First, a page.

But the Second man maintained His integrity, and Satan could not succeed in making Him depart from the path of the Man of God. The strong man was bound and Christ returns, with the power of the Spirit, being untouched in His soul, “to spoil him of his goods.” He delivered all those who were oppressed by the devil, for God was with Him; He was the Man who conquered, gaining the victory over Satan, as the first man had broken down. By the Spirit of God He cast out demons; the kingdom of God was there. All the effects of the dominion of Satan disappeared before Him, even death itself. Alas! this did not change man’s heart; who was, in the affections of his flesh, enmity against God. Death was needed for the redemption of man; quite a new state of being, his reconciliation with God; the righteousness of God was to be glorified; the claim that Satan had over man by sin in death and that by the judgment of God, was to be destroyed and annulled. The righteous vengeance of God against that which was hostile to Himself was to be manifested. So that all the enmity of man against God, all the anguish of death viewed as the power of Satan and the judgment of God, all the energy of Satan, and lastly the wrath of God (and it is bearing in the latter that expiation has been accomplished) were to meet on Jesus, and did meet on the head of the Lamb of God, who opened not His mouth before His oppressors. Terrible testimony shewing that the hour of man and of his will is the power of darkness! The hour of God in righteousness for man is but the righteous wrath which abandons Him, and finally excludes from His presence him who is in hostility against Him. What powerful and infinite proof of grace, that Christ tasted this in His grace; that God gave Him that we might escape it, that Christ tasted it, offering Himself without spot to God for that! Outwardly the power of Satan and the malice of men led Christ to death and the cup of God’s wrath. And it is thus that the perfection of Christ knows how to separate absolutely these two parts of suffering, and to turn the terrible suffering, from the power of Satan in death, into perfect obedience to God His Father, because He passed through that fearful hour of temptation with God, and without entering into it one moment as a temptation which might have for its effect in Him to awaken His own will. Such is Gethsemane; not the cup, but all the power of Satan in death and the enmity of man taking their revenge (so to speak) on God (“the reproaches of them that reproached thee fell upon me”): all perfectly and entirely felt, but brought to God in an entire submission to His will. It is the Christ—marvellous scene!— watching, praying, struggling in the highest degree; all the power and the weight of death pressed upon His soul by Satan, and augmented by the sense He had of what they were before God, from whose face nothing then hid Him. But He always kept His Father absolutely before His face, referring everything to the Father’s will, without flinching for a moment, or trying to escape that will by giving way to His own. Thus He takes nothing from Satan or men, but all from God. When He is well assured that it is the will of His Father that He should drink this cup, all is decided for Him. “The cup which my Father hath given, shall I not drink it?” All was between Him and His Father, the obedience is calm and perfect. What ineffable victory, what supreme calmness! suffering, yea, but between Himself and God! Satan now was as nothing, men were the instruments of the will of God, or the redeemed of His grace. See what happens when they come; Jesus went forth, and when He announced Himself, they fell to the ground. He voluntarily offers Himself to accomplish the work, and thus permits those to go in safety, who had no strength to shelter themselves, to subsist in that terrible moment when the triumph of good or of evil was to be decided, and where the righteousness of God against sin lent its force to the power of death and the malice of those who were the voluntary slaves of him who possessed the power of death.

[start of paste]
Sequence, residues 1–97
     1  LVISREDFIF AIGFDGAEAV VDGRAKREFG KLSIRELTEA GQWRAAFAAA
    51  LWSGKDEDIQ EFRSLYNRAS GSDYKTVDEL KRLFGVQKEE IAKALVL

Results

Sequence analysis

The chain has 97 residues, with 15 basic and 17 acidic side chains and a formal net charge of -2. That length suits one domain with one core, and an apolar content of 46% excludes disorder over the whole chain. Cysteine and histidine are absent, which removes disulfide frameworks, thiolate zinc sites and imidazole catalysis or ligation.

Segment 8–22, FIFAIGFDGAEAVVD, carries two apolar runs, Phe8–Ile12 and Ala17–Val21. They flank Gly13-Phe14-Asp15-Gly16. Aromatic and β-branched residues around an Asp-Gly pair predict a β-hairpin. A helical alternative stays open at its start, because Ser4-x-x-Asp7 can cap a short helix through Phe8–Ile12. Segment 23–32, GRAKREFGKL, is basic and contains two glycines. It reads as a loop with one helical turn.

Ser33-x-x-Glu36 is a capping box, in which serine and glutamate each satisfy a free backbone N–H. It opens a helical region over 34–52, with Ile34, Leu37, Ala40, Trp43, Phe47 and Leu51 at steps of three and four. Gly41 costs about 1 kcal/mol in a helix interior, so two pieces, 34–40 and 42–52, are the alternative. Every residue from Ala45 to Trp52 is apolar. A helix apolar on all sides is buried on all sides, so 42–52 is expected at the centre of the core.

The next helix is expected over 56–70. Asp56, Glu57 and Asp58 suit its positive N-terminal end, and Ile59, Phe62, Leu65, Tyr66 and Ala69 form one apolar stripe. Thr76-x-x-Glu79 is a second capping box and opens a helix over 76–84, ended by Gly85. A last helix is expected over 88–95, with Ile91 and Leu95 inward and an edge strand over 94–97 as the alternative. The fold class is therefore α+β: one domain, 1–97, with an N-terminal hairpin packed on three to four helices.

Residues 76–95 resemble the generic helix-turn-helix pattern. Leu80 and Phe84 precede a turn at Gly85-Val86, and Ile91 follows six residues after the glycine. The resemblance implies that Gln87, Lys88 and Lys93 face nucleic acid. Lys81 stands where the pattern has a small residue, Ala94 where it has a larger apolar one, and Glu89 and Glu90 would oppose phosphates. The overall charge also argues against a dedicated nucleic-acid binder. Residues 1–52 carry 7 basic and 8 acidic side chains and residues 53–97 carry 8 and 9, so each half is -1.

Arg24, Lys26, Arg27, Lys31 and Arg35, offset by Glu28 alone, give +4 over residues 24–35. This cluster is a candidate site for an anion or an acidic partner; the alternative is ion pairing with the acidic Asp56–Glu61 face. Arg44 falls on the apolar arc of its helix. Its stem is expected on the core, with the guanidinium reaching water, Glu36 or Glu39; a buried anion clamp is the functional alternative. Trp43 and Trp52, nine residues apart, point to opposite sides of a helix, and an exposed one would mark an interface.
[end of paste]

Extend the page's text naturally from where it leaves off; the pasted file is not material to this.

The perfect bond of love has overcome through the subjection of Christ as Man to the judgment against sin, by which righteousness can triumph in blessing according to love; the expiation of sin has been made, and the power of Satan and of death annulled for him who comes to God by Jesus. But Luke 22:39-44 presents to us Christ conscious of that which was to happen, and, as man, occupied in communion with His Father, with this final and decisive trial. Was He to enter into the temptation, that is to say, to yield to a will of His own, even by desiring to escape death and the cup of judgment, or to find an occasion of obedience, instead of sparing Himself? For Him obedience, however terrible the sufferings, was the joy and breathing of His soul.